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Harry & Edward A Lesson from History
Edward VIII Image

Harry and Edward: a lesson from history?


Have we witnessed a re-run of the abdication crisis of 1936?  There are similarities: the relinquishing of royal duty, a life of exile, the American wife, but it is nonsense to compare Harry and Meghan, a likeable young couple but realistically never to be king and queen, with that deeply flawed pairing of the playboy prince Edward VIII and frankly sinister, Wallis Simpson.


By the time he abdicated in a famous radio broadcast to the nation in December 1936 Edward, still uncrowned had been king for less than a year.


Many souvenirs, for example those ghastly coronation mugs and plates had already been potted and stamps printed but only a tiny number of UK coins had been minted.


A gold sovereign, one of only two still in private hands changed hands recently for £1million, the highest price ever paid for an English coin in a sale brokered by the Royal Mint.   Mellors & Kirk sold an almost as rare Edward VIII brass threepence a few years ago for £24,000.


Neither are attractive not least because Edward VIII had firm views on both the design and how he wanted to be portrayed on the coin of the realm.


Whether royalist or republican, or even if disinterested in all things royal, only the hardest of hearts could not but have felt sympathy for the queen, the couple and their families over the last couple of weeks.  It was only three years ago that Prince Harry introduced his fiancé to the people when he honoured Nottingham by their first joint royal appearance.


The result was instant and worldwide adulation, yet now they are to be freed from the gilded cage of royal life to hopefully find happiness and that degree of privacy which so eluded Harry’s tragic mother. The media has not escaped blame but are we not all to blame, including the couple themselves?


As soon as their ‘manifesto’ appeared online commentators were drawing parallels with the last time a British prince married an American divorcee.


In 1936 Wallis Simpson was by common consent considered unfit to join the royal family because she was divorced.  The people blamed her for causing the abdication crisis.  To them Mrs Simpson was a femme fatale - surely the most unlikely one imaginable – because she ‘stole our King’.  In those deferential times most ‘ordinary’ people were outraged.


As a young, attractive Prince with a modern, unstuffy personality Edward was a confident charismatic figure in sharp contrast to his parents, King George V and Queen Mary who seemed to belong in the 19th century.


History would soon show how in only a year or two the ‘spare heir’, Edward’s brother King George VI and Queen Elizabeth would become the most loved of all previous British monarchs.


The British have always pursued a curious relationship with the royal family.  We want them both to be ‘only human’ like ourselves but yet still embody the magic of majesty as if they are anything but that.  It is a subconscious vestige of the divine right of kings.  It is as if they have to be like us but at the same time lead blameless, regal lives.


Ever since World War One, the royal family has performed a balancing act trying to keep a lid on shifts in this anomalous relationship that is the foundation on which the monarchy stands, or falls.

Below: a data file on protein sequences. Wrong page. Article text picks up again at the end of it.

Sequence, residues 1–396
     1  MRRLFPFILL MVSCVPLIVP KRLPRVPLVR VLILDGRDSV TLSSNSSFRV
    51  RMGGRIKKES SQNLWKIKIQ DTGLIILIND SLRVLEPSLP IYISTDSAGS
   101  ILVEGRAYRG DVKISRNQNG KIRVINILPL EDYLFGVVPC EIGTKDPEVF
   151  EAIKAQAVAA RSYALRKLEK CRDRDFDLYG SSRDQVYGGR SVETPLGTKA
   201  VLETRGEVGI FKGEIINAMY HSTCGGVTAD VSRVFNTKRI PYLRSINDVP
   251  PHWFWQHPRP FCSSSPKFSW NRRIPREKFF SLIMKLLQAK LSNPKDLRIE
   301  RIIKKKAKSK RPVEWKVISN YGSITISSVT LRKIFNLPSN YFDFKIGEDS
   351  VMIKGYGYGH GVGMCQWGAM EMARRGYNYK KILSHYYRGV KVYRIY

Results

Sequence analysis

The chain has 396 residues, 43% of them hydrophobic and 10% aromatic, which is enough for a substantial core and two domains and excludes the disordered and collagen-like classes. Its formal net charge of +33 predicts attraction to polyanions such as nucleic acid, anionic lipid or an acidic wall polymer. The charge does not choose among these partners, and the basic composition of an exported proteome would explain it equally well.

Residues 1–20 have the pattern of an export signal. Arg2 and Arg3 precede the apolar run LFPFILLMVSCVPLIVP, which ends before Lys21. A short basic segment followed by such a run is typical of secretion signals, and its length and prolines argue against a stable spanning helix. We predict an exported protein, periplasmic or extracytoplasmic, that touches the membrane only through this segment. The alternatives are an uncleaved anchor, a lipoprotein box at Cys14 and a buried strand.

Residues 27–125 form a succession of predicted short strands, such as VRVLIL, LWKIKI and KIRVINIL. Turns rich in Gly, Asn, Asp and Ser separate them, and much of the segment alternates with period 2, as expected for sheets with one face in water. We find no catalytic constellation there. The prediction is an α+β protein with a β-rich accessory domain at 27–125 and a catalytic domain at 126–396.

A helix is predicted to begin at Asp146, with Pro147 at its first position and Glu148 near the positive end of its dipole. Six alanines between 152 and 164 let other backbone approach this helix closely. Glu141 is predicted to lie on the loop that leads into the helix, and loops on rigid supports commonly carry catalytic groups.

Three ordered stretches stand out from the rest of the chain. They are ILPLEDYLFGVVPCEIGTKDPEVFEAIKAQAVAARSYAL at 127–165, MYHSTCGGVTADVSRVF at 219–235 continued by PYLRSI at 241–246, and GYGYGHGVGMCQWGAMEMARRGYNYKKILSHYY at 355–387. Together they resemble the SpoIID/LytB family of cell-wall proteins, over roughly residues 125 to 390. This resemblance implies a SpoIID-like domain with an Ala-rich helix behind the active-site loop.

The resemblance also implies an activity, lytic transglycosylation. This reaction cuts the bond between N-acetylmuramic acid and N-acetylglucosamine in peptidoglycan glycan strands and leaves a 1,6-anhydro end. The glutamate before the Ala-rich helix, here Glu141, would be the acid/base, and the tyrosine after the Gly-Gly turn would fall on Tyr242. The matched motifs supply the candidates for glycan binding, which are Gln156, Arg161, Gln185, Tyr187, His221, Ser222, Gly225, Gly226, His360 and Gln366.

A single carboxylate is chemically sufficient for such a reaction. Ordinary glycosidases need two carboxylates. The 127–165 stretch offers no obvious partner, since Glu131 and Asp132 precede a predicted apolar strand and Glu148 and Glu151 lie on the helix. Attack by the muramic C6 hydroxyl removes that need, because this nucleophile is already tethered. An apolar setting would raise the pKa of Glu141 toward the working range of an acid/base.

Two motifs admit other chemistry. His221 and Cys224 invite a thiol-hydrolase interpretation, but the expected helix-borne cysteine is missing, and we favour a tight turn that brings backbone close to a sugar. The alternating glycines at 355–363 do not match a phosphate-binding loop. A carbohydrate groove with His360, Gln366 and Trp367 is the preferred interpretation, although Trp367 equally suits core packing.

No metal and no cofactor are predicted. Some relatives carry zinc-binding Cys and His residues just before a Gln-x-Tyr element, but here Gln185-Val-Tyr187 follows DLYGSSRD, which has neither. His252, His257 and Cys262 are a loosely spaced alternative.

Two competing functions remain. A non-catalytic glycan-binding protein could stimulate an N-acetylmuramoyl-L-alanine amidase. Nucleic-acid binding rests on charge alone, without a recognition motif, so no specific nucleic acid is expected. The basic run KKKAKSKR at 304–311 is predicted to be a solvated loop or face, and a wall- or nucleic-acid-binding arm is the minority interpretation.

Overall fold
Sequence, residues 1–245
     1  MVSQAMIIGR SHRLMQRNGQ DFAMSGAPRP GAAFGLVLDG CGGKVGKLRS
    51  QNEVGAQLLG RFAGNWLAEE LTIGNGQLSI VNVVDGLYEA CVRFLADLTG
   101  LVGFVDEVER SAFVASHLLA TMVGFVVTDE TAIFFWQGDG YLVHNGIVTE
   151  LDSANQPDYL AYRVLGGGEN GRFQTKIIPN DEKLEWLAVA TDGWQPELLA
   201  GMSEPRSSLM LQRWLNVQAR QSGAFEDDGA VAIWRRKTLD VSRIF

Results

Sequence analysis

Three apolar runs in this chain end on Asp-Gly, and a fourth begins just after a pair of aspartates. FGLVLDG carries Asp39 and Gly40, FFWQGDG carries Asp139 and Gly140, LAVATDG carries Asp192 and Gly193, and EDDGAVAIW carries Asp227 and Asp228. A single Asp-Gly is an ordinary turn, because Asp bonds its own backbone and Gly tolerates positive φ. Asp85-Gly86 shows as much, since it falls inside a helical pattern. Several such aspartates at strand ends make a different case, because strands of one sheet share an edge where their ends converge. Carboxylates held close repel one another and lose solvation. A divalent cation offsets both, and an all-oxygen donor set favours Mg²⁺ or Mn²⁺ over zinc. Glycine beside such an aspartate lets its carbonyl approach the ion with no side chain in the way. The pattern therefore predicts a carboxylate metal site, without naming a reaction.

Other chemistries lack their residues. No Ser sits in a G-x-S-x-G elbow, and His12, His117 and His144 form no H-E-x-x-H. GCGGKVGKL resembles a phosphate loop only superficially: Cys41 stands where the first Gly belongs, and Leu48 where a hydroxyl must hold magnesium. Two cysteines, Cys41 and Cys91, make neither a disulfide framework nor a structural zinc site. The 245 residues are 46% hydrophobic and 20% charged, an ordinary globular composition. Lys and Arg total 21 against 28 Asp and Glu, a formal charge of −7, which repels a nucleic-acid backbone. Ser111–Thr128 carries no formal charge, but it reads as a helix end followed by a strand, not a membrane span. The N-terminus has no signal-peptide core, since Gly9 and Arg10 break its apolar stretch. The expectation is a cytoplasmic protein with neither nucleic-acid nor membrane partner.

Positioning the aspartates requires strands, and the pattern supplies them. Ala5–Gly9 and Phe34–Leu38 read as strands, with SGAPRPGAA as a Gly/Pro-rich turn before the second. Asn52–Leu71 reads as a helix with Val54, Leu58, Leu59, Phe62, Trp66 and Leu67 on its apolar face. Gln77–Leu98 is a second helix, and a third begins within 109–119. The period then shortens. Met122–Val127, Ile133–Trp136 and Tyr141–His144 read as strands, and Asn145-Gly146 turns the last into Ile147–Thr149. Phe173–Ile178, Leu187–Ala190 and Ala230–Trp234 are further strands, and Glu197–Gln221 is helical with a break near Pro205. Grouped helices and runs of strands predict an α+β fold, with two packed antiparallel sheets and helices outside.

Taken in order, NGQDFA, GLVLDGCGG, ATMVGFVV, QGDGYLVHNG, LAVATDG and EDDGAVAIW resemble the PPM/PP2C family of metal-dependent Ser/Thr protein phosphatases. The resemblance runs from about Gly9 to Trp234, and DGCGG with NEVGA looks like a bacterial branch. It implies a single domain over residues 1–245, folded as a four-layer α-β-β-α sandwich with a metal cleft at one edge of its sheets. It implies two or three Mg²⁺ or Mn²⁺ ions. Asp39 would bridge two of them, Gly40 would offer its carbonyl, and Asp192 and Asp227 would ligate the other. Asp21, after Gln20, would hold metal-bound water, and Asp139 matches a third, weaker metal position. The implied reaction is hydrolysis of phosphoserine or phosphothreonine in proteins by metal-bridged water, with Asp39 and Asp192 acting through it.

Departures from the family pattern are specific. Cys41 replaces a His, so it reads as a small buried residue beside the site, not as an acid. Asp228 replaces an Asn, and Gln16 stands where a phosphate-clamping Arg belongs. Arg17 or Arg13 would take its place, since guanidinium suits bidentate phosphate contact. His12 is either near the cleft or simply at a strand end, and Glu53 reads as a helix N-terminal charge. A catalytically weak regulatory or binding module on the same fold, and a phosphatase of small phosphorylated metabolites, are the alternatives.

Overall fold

I can think of no other institution that is more aware of the lessons of history than the British royal family during the second half of the 20th century.


The crown’s relationship with the people is both its most valuable asset but also its most dangerous threat.  For this reason, should its ‘loose cannons’  make money on the side, have terrible friends or, worst of all, arm twist politicians they will be sidelined


A few days ago one national newspaper featured side by side a photograph of Edward and Wallis taken in 1966 and a recent picture of Harry and Meghan. Edward looked glum as he mostly did in later life whereas Harry was beaming.  Both wore dark blue suits, the two women in plain bright yellow dresses.  The editor’s message needed no words.


Edward never forgave his brother for not allowing Wallis to be styled ‘HRH’.  Princess Diana forfeited the same distinction on her divorce, but Harry and Meghan will continue to be Their Royal Highnesses and have merely undertaken to ‘park’ that still correct style of address.


Soon to go under the hammer at Mellors & Kirk is a document signed by Edward.  His signature is not rare as he was found of signing his autograph, greetings cards and photographs of himself when a Prince, or later as the Duke of Windsor in exile.  But this example, the commission of an RAF pilot officer, is rare because it is one of the few signed during those tumultuous months of Edward’s brief reign.  It is signed ‘Edward RI’, the letters standing for Rex Imperator or King-Emperor.  The document is interesting because its radical new design reflects Edward’s taste but the archaic wording is unchanged, as Edward is described as of “Great Britain, Ireland and the British Dominions beyond the seas King, Defender of the Faith, Emperor of India”.


Edward, who died almost 50 years ago continues to enthral, for being one who ran away from his duty, his odd obsession with Wallis Simpson, admiration of Hitler and the Nazi Germany and his pointless non-royal life from that momentous announcement of 11 December 1936.




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